Tuesday, February 15

TDD Bowling and J

Intro: This was written in response to a suggestion by (@RonJeffries) that someone present a test driven design example in J. I doubt I am the best person to be writing such things, but I thought I would give it a shot.

Using http://xprogramming.com/articles/scala-bowling-i-think/ as a pattern, the implementation code follows the tests which the code is expected to satisfy, and each implementation should satisfy all of the preceding tests.

assert 0 -: score 20$0

assert 90 -: score 20$4 5

score=: +/

In other words, for simple games, we just add up the scores from each ball.

assert 22 -: score 20$6 4 5 2

spareBonus=: 0 0, _1}. 10= 2 +/\ ]
score=: +/ .* (1 + spareBonus)

In other words:

   (2 +/\ ]) 6 4 5 2 0 0
10 9 7 2 0

we find the pairwise sums, then then we find the cases which are equal to ten, shift them over a bit, and use that to multiply the scores from balls that follow spare frames.

assert 31 -: score 20 {. 10 5 2 7

strikeBonus=: [: +/ _1 _2 |.!.0"0 1=&10
score=: +/ .* (1 + spareBonus + strikeBonus)

Here, we are doing something similar, but we do not need pairwise sums to find strikes, =&10 is good enough.  On the other hand, we need to give strikes two bonus balls, so we shift that result into two different positions:

   (_1 _2 |.!.0"0 1=&10) 10 5 2 7 0 0
0 1 0 0 0 0
0 0 1 0 0 0
   ([: +/ _1 _2 |.!.0"0 1=&10) 10 5 2 7 0 0
0 1 1 0 0 0

assert 300 -: score 12$10

Problem: we need a frame structure, and none of the implementations so far has cared about frames.  A simple way to implement frames involves a while loop.  Each time through the loop we can decide where the next frame starts:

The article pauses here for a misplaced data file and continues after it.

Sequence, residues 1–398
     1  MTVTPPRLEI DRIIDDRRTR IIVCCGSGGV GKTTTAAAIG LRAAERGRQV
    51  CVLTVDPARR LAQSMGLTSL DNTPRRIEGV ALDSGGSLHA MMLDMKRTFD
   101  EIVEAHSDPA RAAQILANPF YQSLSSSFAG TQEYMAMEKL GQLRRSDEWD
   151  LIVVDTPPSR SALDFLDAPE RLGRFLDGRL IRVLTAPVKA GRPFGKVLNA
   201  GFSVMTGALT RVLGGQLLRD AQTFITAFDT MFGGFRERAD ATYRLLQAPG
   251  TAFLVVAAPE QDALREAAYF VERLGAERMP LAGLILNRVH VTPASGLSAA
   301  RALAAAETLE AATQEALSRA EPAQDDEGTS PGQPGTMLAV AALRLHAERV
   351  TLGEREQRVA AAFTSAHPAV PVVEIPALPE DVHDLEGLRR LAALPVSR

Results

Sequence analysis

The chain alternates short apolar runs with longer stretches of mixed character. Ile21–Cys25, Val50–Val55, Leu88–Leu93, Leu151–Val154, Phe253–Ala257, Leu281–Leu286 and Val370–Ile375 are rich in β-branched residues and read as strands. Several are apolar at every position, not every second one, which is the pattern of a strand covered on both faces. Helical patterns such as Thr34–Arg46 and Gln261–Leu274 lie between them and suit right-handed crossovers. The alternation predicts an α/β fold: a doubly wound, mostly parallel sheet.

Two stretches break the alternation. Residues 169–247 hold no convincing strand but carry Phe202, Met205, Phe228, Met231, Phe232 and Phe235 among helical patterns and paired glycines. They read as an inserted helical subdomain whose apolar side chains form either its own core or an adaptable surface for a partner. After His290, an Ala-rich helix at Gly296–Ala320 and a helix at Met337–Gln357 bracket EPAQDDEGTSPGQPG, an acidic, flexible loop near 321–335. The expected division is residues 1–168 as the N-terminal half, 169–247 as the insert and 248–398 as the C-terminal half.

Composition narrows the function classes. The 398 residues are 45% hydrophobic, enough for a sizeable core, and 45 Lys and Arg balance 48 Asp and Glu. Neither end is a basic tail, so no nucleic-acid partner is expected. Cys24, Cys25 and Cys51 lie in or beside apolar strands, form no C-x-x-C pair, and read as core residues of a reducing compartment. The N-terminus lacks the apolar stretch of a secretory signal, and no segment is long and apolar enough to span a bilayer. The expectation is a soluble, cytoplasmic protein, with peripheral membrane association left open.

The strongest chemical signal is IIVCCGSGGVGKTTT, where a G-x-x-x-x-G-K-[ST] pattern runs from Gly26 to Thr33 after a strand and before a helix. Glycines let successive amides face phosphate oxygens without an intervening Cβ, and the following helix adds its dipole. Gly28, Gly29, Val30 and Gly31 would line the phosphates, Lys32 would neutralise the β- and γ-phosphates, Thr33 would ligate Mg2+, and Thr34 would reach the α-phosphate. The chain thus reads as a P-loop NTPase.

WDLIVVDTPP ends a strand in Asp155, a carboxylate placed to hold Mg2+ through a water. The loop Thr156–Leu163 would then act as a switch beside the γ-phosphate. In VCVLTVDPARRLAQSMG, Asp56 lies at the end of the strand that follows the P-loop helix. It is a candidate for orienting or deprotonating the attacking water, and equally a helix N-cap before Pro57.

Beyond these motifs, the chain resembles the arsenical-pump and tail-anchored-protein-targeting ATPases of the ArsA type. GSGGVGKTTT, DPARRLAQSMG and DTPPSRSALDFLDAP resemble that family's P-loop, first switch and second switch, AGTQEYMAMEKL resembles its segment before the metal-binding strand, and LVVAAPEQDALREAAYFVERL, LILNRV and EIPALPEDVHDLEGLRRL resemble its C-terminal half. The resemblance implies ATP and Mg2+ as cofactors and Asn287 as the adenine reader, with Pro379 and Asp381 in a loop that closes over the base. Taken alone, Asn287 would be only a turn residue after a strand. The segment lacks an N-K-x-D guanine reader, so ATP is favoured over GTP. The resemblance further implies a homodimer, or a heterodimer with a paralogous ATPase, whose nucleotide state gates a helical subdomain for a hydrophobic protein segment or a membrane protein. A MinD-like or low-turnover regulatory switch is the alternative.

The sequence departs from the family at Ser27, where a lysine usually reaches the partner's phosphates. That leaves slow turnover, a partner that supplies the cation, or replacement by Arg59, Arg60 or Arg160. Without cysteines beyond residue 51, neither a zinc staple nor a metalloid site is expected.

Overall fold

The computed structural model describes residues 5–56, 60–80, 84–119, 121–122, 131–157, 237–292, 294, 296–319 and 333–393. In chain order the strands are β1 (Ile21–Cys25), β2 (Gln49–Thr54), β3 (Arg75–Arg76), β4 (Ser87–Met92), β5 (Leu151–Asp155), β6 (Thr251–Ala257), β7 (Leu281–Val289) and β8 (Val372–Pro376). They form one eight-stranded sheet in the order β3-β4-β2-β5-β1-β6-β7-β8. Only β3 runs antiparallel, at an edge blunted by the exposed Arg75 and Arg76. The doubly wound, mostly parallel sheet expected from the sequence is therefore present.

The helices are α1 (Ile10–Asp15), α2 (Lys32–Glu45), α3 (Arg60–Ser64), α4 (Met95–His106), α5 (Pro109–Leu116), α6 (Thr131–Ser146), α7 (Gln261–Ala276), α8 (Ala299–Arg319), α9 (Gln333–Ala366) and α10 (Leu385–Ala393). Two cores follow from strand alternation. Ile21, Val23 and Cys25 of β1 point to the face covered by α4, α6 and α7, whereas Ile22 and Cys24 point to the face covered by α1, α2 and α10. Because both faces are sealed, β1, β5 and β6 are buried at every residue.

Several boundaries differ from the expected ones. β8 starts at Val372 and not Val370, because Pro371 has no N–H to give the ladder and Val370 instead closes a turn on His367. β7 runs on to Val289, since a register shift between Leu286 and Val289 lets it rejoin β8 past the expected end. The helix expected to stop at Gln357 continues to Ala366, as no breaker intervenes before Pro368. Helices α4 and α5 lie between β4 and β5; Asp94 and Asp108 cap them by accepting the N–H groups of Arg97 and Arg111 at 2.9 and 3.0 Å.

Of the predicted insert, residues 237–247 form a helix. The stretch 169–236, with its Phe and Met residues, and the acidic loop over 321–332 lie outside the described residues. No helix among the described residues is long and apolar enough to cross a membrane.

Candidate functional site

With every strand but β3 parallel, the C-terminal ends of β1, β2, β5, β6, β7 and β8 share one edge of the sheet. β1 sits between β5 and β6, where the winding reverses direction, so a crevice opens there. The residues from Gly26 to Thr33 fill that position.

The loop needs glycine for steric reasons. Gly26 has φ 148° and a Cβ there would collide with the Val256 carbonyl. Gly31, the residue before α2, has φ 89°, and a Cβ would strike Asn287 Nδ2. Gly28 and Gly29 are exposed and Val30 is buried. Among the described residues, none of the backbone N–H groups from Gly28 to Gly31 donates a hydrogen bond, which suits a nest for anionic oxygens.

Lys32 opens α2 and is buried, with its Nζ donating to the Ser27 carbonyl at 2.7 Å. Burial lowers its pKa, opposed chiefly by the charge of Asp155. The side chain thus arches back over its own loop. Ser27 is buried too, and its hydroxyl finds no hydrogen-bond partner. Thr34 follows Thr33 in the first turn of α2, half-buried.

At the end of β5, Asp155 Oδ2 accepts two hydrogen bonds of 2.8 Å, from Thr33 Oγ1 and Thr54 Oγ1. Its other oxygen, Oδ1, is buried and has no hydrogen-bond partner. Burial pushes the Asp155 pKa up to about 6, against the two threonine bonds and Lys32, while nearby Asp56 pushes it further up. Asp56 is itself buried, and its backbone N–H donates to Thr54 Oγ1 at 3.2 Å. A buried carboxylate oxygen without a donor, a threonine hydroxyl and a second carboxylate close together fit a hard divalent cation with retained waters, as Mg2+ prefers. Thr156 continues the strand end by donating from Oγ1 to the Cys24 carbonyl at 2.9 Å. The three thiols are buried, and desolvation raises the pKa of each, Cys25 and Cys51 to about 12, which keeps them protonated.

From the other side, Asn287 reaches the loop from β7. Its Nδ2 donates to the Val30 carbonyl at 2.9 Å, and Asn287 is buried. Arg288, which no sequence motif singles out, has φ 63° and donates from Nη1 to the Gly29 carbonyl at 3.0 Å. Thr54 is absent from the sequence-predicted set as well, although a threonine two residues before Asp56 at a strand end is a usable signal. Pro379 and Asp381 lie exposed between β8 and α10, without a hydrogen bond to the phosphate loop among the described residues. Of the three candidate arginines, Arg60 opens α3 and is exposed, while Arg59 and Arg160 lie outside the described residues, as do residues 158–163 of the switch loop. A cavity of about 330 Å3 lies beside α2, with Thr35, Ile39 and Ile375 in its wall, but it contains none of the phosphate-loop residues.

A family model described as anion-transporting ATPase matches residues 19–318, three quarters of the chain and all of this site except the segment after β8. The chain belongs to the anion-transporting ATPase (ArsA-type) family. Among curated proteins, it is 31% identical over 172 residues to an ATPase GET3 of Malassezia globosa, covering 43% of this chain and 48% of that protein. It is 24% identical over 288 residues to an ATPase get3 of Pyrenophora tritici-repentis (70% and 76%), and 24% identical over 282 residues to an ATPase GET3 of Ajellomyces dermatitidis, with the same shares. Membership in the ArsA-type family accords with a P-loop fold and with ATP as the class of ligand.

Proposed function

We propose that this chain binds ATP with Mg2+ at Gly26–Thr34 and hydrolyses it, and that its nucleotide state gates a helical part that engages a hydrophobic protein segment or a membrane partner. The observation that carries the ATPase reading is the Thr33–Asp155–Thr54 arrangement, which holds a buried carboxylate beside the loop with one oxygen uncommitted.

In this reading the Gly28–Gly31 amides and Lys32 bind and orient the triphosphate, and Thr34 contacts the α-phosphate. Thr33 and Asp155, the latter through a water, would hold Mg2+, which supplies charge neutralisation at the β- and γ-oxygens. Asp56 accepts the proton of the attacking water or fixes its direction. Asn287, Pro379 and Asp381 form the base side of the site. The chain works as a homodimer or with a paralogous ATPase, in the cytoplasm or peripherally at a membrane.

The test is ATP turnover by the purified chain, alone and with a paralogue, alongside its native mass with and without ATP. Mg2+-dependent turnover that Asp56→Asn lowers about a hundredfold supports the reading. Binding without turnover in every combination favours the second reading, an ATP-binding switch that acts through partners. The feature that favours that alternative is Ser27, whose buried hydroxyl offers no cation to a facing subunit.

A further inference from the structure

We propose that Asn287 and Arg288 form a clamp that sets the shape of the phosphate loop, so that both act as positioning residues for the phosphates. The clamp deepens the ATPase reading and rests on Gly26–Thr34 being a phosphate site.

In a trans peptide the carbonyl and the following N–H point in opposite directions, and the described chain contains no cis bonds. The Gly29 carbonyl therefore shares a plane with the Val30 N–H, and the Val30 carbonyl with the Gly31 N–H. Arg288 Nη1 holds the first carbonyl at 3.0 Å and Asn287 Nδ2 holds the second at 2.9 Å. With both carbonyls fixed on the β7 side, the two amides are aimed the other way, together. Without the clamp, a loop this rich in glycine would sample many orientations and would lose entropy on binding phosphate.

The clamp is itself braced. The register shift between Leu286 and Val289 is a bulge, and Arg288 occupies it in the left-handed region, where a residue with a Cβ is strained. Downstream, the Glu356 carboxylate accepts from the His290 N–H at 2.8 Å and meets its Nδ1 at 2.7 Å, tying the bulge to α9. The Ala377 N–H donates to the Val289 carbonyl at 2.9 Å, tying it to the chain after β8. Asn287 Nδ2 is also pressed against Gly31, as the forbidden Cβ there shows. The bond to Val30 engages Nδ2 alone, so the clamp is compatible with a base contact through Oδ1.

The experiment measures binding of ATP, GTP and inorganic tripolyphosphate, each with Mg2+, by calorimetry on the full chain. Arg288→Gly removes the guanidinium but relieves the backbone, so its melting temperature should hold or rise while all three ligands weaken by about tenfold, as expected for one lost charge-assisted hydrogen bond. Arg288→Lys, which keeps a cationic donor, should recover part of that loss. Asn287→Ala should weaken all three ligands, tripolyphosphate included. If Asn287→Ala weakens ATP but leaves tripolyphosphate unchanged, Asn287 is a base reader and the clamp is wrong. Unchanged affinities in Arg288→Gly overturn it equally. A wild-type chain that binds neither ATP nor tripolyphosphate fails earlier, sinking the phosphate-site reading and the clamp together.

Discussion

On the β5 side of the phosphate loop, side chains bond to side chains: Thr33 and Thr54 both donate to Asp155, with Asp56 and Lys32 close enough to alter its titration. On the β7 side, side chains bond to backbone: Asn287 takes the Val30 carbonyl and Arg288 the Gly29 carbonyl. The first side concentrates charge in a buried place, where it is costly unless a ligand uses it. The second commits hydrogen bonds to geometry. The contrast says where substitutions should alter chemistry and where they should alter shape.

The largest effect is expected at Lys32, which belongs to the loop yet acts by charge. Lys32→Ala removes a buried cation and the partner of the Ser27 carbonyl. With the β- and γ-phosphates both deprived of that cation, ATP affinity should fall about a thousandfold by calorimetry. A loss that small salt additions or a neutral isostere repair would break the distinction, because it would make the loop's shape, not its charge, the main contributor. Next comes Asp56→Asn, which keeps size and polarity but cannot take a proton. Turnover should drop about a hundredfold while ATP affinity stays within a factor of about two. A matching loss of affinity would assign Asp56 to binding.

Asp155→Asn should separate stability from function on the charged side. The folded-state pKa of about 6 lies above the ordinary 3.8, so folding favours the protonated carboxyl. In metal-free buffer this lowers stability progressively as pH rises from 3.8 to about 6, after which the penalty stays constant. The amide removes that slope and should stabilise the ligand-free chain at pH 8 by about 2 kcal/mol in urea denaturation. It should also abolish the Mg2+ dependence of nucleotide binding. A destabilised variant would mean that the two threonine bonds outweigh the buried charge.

score=:3 :0
while.(i<#y) *. 10>#score do.
bonus=. 10 e. +/\ 2{.i}. y
score=.score, +/(2+bonus){.i}.y
i=. i+2-10=i}y

Note that to determine if we have a spare or a strike we always examine two balls, looking for the possibility that all the pins got knocked down before the end of the frame.  Anyways, we wind up with three possibilities:

strike: first ball 10, frame size 1, frame score based on 3 balls
spare: first and second balls sum to 10, frame size 2, frame score based on 3 balls
open: first and second balls sum to less than 10, frame size 2, frame score based on 2 balls

But this code looks so very different from the previous iterations.  What happened here?

One issue, I think, is that the tests lead me to add features before developing the structure that was needed for those features to make sense. So, I was happily computing simple sums, when we all know that those would never be suitable. And then, when faced with a perfect game, I decided to bite the bullet write something to deal with the frames.

That said, this code does look cleaner than the implementation at https://docs.google.com/document/pub?id=16sicMNkODy-zeE1pkTtDWYd3x374g-Htx1XcXq96b9c and as an added bonus, it passes all my randomly selected tests there.

One of the benefits of using J, is that it’s fairly trivial to re-architect a program when the architecture is in expressions rather than in control structures. However, that benefit does not appear very useful here, and may even be something of a hazard for this style of development, but that could also be my lack of practice.

Nevertheless, the core "sum" mechanism is present, in some form, in all of these implementations.

Finally, if you were building a scoring machine, you would want an event driven scorer (though a variation on this monolith could work in the event handler, recomputing "the entire game so far" after each ball).

See also:

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